Mets agree to Santana deal, pending extension agreement

Omar Minaya kept telling rival executives this winter that he was going to land a star pitcher, a guy who could lead his rotation, and a month ago, none of his peers imagined how that could happen. But on Tuesday afternoon, the New York Mets agreed to a tentative deal with the Minnesota Twins for arguably the best pitcher on the planet, Johan Santana, for a package of four prospects.

Santana has a full no-trade clause and can veto the deal unless he gets a contract extension, and it's expected that the Mets and Santana will begin negotiating as soon as possible. New York and Santana have until 5 p.m. ET Friday to reach an
agreement, a baseball official told The Associated Press, on condition of anonymity. Deadlines have been extended in the past, however.

If Santana agrees to a deal -- and it is thought he will seek a six-year, $150 million contract -- then he also would have to pass a physical.

In return for Santana, the Twins would receive center fielder Carlos Gomez and pitchers Phil Humber, Kevin Mulvey and Deolis Guerra -- a package which some talent evaluators believe could be the fourth-best offer that Minnesota received during this process.

USA Today was first to report this deal, and Peter Gammons confirmed it for ESPN.

An official with knowledge of discussions between the Twins' front office and Santana told 1050 ESPN New York's Andrew Marchand that when Santana gave the list of teams he was willing to waive his no-trade clause for, the Mets were on top of his list.

Santana communicated to the Twins that if he had the option of any team he could go to, the Mets would be his first choice.

Santana's agent, Peter Greenberg, is meeting with Mets executives Wednesday to discuss a contract extension.

Mets third baseman David Wright was ecstatic about Santana possibly joining the team.

"If it's true, obviously, you're getting arguably the best
pitcher in the game," Wright said, according to AP.

Arriving at the annual Baseball Assistance Team fundraising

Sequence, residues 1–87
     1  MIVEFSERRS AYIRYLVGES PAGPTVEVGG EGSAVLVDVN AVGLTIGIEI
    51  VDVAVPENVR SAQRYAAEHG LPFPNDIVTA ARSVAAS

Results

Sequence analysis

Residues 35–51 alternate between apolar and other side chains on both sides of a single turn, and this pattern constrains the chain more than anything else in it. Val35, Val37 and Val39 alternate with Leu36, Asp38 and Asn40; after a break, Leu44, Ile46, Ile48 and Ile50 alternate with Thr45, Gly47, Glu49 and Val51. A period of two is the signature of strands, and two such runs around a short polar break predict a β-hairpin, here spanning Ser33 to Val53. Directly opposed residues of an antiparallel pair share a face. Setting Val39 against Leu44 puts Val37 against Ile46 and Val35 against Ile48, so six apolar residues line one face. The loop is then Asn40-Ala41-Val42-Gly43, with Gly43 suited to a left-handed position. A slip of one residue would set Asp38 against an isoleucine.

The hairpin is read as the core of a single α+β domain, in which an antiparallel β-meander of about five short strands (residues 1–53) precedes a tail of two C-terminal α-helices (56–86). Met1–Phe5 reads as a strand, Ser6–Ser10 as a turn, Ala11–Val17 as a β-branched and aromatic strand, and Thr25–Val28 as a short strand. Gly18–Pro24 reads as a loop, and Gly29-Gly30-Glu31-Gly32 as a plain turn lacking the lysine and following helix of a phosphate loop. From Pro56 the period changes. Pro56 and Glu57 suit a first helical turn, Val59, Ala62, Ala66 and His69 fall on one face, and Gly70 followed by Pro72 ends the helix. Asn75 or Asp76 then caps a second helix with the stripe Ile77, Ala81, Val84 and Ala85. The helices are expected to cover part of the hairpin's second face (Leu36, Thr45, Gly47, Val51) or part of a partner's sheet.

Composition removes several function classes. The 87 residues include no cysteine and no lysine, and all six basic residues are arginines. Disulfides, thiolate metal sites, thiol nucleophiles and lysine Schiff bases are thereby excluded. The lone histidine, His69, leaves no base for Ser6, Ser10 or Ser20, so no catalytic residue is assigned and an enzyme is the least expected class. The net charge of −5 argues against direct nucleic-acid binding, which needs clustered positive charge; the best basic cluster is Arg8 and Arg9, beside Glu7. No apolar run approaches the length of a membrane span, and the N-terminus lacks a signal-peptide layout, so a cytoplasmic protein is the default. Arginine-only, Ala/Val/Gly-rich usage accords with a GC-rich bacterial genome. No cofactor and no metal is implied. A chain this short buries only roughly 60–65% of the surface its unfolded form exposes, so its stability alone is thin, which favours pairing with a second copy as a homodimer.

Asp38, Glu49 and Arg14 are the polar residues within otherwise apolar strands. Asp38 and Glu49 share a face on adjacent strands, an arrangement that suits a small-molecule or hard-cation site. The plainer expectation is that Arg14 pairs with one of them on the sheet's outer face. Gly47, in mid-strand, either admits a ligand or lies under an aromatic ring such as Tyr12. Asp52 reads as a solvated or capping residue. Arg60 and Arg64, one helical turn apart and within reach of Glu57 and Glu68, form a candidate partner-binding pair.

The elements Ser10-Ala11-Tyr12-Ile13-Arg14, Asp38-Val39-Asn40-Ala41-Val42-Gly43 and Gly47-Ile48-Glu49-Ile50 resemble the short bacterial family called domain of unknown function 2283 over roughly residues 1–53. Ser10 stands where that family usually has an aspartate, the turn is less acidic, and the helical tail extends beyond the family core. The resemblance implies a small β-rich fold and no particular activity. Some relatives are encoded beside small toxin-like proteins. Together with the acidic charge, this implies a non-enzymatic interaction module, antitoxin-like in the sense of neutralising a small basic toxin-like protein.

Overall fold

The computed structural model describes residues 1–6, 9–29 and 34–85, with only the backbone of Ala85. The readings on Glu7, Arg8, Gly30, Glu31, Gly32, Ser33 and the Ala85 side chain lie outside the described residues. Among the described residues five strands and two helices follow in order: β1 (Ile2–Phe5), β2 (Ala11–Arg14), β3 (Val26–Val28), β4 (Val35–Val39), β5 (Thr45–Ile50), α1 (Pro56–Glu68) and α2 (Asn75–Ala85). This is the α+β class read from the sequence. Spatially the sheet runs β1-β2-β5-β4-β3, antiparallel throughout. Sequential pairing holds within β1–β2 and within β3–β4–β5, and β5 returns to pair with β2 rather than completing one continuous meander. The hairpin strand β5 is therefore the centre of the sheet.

dinner Tuesday night, Minaya wouldn't
say much.

"It's out there, but the bottom line is that we're trying to
look at ways at improving our club," Minaya said. "That's all I'm
going to be able to say about it right now."

The Twins were equally quiet.

"We are hoping to bring some finality to this soon but I have nothing to report yet," general manager Bill Smith told the Twins' Web site.

In early December, the Yankees had offered a package built around pitcher Phil Hughes and center fielder Melky Cabrera, and the Red Sox talked about two separate deals, one built around left-hander Jon Lester and the other around center fielder Jacoby Ellsbury, with pitcher Justin Masterson and infielder Jed Lowrie prominently involved.

But the Yankees yanked their Hughes proposal off the table in early December, and Boston's interest waned, as well. Over time, the Red Sox pared back their proposals. Baseball operations personnel for both the Yankees and Red Sox were extremely wary of the double-barreled cost of acquiring Santana, despite his incredible record -- first, shipping out a boatload of prospects to get Santana, and then giving him a record-setting contract.

Minaya and the Mets, perceived by the Twins initially to have much less to offer and less to lose, remained aggressive, fending off the Twins' interest in shortstop Jose Reyes and top prospect Fernando Martinez along the way.

Santana -- who was an outfielder as an amateur and is a spectacular athlete -- will fit into the Mets' needs perfectly, stepping to the head of a rotation that also includes Pedro Martinez,
John Maine and Oliver Perez.